Posted by: Street | March 1, 2010

Are Your Grandparents/Parents Strength Training?

There are exceptions obviously, but it doesn't have to be this way.

“The benefits for elderly individuals of regular participation in both cardiovascular and resistance-training programs are great.Health benefits include a significant reduction in risk of coronary heart disease, diabetes mellitus and insulin resistance, hypertension and obesity as well as improvements in bone density, muscle mass, arterial compliance and energy metabolism. Additionally, increases in cardiovascular fitness (maximal oxygen consumption and endurance), muscle strength and overall functional capacity are forthcoming allowing elderly individuals to maintain their independence, increase levels of spontaneous physical activity and freely participate in activities associated with daily living. Taken together, these benefits associated with involvement in regular exercise can significantly improve the quality of life in elderly populations. It is noteworthy that the quality and quantity of exercise necessary to elicit important health benefits will differ from that needed to produce significant gains in fitness (Tanaka, 2001).”


 As one advances in age, significant muscle loss (sarcopenia) and strength loss is usually accompanied. In fact, by the age of 50, most have lost 10% of their total muscle, and muscle strength declines by nearly 15% in the 6th and 7th decade. Sounds like some pretty dooming news; on the other hand, one’s ability to benefit from a strength program does not decrease with age. Individuals can still benefit from significant gains in muscle strength, muscle mass, functional capacity, and fall prevention to name a few.

 I’ve had the distinct opportunity to work with many senior citizens in a strength program, and I must say that I’ve enjoyed working with them more than anyone else (with a couple exceptions). I’ve witnessed how much stronger they can get, significant increases in mobility, and the joy they get from having a better functional capacity. What I’ve learned from working with them, is that one doesn’t need to have the most creative, cutting-edge program to benefit from resistance training. I think many people get caught up in the trends (including myself), and we forget how basic movements are probably the most beneficial. So when we train our elderly clients (all clients for that matter) we try to be “brilliant at the basics,” a quote from Michael Boyle.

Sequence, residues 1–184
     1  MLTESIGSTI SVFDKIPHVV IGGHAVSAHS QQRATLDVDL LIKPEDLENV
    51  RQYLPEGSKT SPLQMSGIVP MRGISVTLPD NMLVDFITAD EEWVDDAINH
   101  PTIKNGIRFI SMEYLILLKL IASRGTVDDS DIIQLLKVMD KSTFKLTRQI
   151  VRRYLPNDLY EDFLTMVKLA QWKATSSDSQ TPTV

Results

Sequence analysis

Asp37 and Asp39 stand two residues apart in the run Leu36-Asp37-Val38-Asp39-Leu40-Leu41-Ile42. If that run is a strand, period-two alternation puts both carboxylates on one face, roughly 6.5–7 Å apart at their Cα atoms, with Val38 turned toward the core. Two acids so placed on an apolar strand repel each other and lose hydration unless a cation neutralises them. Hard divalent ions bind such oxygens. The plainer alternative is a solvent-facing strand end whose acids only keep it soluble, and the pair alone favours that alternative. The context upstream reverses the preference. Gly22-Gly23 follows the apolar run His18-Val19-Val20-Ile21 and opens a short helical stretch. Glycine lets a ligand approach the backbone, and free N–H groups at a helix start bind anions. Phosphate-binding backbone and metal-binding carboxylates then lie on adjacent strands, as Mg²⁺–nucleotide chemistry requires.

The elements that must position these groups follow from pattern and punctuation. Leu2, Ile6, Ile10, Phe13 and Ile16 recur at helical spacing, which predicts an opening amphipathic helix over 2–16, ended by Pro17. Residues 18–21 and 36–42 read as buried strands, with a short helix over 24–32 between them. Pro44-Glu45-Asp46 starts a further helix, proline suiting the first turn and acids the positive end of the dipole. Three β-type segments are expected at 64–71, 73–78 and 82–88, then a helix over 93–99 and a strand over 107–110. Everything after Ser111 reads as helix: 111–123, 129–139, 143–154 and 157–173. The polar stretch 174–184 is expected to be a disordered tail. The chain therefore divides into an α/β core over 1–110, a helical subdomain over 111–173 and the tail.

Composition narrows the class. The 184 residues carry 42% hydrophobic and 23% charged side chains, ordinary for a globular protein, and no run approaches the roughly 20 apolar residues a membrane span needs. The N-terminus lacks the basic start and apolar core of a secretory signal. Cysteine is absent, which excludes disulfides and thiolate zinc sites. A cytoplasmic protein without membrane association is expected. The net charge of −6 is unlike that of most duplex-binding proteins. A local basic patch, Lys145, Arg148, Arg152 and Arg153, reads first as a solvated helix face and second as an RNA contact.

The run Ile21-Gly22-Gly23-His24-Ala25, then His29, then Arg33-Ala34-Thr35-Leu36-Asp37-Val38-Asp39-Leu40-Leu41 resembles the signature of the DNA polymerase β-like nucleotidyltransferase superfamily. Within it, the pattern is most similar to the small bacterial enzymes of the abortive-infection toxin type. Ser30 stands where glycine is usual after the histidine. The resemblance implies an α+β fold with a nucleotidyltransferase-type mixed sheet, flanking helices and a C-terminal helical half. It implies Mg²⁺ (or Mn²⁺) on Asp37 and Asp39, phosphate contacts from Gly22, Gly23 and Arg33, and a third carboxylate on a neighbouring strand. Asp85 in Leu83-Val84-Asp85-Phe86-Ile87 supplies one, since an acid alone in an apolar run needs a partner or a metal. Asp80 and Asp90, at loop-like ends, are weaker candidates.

Tanaka, R. S. (2001). Exercise Prescription for the Elderly: Current Recommendations. Sports Med , 809-818.

 – Coach Street

I know I hope I'm feeling like this guy when I'm his age!



  1. Is the muscle drop off due mainly to becoming more sedentary or is it physiological? I also wonder if it’s kind of a self sabotage; you think you’re old and think you’re more limited in movement, therefore you don’t even try to do as much.

    • I think it’s a combination of all things. Physiologically, especially in women, the hormones in women have significant changes upon menopause, which is why strength training is so imperative for them in order to delay/prevent the onset of sarcopenia (muscle loss) and osteopenia/osteoporosis. I think psychologically yes, some think they’ve worked long and hard for retirement so they should get to enjoy doing nothing; however, nothing comes at a costly price (potentially life). I also think there’s a sort of exercise-divide, much like the technological divide. Our elders are not very educated in the realm of physical activity, exercise, and nutrition. It’s hard for them to break 50 years of potentially damaging habits.

  2. I just emailed this article to my parents – my dad was just talking about how he needed to start strength training – hopefully this will motivate them.

    Thanks for the info Brandon!!!!

    • I hope so too Gail! Thanks for reading!

  3. Good article Brandon!

    You bet your Dad is working out! 6 days a week, 4 days of weight training and two days of intense cardio. Down to 192, seems like 214 pounds was a long time ago. I feel great, my diet is good and we have 12 weeks to go. 15 more pounds and a lot of work yet to do to get there. I want to look good in camo……….


    • You’ll get there big dog! Follow the Precision Nutrition’s Get Shredded Diet to the T. Start taking pictures of your transformation, seriously! You are going to want to document this experience so you know how YOU got there. You never know, you may want to do another one in the future! In fact, please e-mal me the pictures so we can track your transformation.

      Coach Street

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